The power plant is now a 3.8-litre Cum­mins rather than a 3.4-litre Perkins. The new en­gine is Tier 4 com­pli­ant, which means it meets US emis­sion stan­dards. The Perkins was Tier 4 com­pli­ant too but the Cum­mins has 120hp (com­pared with 111hp) and 488Nm of torque (com­pared with 450Nm). It’s not a big dif­fer­ence but, as the ex­perts say, you need all the power you can get when you’re mulching.

The chas­sis is new as well. So is the cab, which now has air-con­di­tion­ing that copes more eas­ily with sticky Aus­tralian sum­mers – no small mat­ter when you’re sit­ting in a con­fined space that with­out de­cent seal­ing would be lit­tle more than a sauna with win­dows.

Since mulching in­vari­ably gen­er­ates a cloud of air­borne de­bris, the cabin is pres­surised so that fine ma­te­ri­als can’t en­ter your airspace. The en­gine fan is re­versible so woody ma­te­rial that gets past the ra­di­a­tor can be forcibly ejected.

The stan­dard cab has brush sweeps over the bon­net, and guards for the front and rear lights and air-con­di­tion­ing con­densers.

In short, Wolf as­sures me, the Posi-Track is pro­tected from the sort of ac­ci­den­tal dam­age that of­ten oc­curs in ex­treme en­vi­ron­ments where ‘stuff can fall on you’. Gen­eral ser­vice­abil­ity is im­proved too, es­pe­cially to the hy­draulic cool­ing equip­ment.

TOUGH HY­DRAULICS

Run­ning a high-per­for­mance hy­dro-me­chan­i­cal de­vice like a mulcher re­quires equally high per­for­mance from the loader’s hy­draulic sys­tem, a char­ac­ter­is­tic of the RT-120 that Wolf be­lieves makes it a per­fect fit for the ap­pli­ca­tion.

“On top of that,” he says, “the hy­draulic sys­tem is op­ti­mised in that the loader is putting out 170 lpm while run­ning at 4060psi (27,993 kPa).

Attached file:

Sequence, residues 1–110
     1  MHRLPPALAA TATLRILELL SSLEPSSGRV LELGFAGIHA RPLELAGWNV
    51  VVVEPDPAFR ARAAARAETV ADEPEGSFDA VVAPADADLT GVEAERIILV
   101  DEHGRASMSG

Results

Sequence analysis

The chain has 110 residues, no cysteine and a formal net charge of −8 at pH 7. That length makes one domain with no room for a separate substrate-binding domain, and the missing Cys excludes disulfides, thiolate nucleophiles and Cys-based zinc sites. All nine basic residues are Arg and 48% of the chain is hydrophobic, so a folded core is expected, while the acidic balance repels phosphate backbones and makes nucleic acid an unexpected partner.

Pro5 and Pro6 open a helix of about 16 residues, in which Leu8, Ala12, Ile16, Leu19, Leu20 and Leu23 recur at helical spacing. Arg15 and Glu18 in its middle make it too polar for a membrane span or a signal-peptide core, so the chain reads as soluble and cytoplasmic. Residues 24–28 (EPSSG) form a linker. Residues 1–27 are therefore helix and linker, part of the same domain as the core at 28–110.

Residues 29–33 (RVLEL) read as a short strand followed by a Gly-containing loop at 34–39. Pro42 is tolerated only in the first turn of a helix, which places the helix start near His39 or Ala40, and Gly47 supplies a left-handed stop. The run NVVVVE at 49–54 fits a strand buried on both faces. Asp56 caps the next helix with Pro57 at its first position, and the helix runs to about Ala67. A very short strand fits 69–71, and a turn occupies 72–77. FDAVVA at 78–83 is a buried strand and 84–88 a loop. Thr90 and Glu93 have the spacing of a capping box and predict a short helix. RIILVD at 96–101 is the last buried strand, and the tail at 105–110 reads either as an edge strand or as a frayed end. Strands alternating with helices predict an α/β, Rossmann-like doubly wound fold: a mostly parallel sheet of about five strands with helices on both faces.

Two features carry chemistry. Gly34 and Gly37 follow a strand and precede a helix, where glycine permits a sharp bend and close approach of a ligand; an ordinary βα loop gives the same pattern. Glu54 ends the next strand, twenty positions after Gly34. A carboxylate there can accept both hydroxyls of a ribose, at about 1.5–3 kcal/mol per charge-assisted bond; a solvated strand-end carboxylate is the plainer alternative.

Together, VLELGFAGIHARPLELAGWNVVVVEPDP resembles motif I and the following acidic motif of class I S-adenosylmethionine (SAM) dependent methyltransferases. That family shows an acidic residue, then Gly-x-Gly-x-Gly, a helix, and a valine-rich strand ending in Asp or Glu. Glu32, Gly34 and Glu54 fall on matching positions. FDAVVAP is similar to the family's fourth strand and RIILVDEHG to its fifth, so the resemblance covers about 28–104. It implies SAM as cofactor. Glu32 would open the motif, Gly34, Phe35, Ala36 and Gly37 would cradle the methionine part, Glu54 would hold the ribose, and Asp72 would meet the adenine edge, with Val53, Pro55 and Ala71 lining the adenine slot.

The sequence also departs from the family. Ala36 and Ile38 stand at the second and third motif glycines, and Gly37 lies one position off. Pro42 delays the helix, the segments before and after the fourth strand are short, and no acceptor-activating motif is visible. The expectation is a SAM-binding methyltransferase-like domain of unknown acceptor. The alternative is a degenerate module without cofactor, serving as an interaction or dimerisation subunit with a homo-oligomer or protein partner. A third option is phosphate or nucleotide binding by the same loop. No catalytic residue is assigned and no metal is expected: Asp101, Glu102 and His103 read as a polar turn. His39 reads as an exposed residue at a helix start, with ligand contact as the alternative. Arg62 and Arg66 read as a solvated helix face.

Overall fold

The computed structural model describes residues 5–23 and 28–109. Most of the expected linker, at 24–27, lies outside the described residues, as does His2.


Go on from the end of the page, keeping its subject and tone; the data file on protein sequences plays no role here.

“With the com­bi­na­tion of high en­gine horse­power, high flow and high pres­sure, we think we have the most pow­er­ful com­pact loader on the mar­ket, de­signed for this type of work.”

Wolf says that, when you’re putting out so much oil at such high speeds, it’s im­por­tant to keep hy­draulic tem­per­a­tures un­der con­trol.

“With that in mind, I think ASV has done a good job of en­gi­neer­ing the cool­ing pack­age to suit the ap­pli­ca­tion and the Aus­tralian cli­mate,” he says. “We did a lot of field work to make sure the RT-120 would op­er­ate ef­fi­ciently in Aus­tralia. That was very im­por­tant.”

But the loader is only half the pack­age. Al­though the Phase 3, Fe­con Bull Hog mulcher still car­ries the pre­vi­ous mulcher’s BH85SS des­ig­na­tion, it too has been up­graded.

It has the largest drum in its class, and stag­gered, spi­ral-pat­tern dou­ble-car­bide teeth that can process Aus­tralia’s leg­endary hard­woods. The mulching cham­ber it­self has been stream­lined to smooth the pas­sage of pro­cessed tim­ber.

As you’d ex­pect, says Wolf, mulching soft pine takes less horse­power than chew­ing up hard­wood but with 120hp be­hind it, high-ca­pac­ity hy­draulics and dou­ble-car­bide teeth, the Bull Hog is ready to chew ’em all down to mulch.

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1. Come to mama. Small stuff doesn’t stand a chance when it reaches the mulcher’s maw. The Fe­con is rated to han­dle stem di­am­e­ters up to eight inches (203mm)

2. Two in­de­pen­dent tor­sion axles sus­pend each of the ASV’s track frames, plus four in­de­pen­dent wheel car­riages (4 wheels each) per track

3. The Fe­con Bull Hog mulcher has dou­ble-car­bide teeth set in a stag­gered pat­tern so that only one tooth at a time is ac­tu­ally in con­tact with the tim­ber. ASV says this setup will han­dle hard­woods as well as soft­woods 3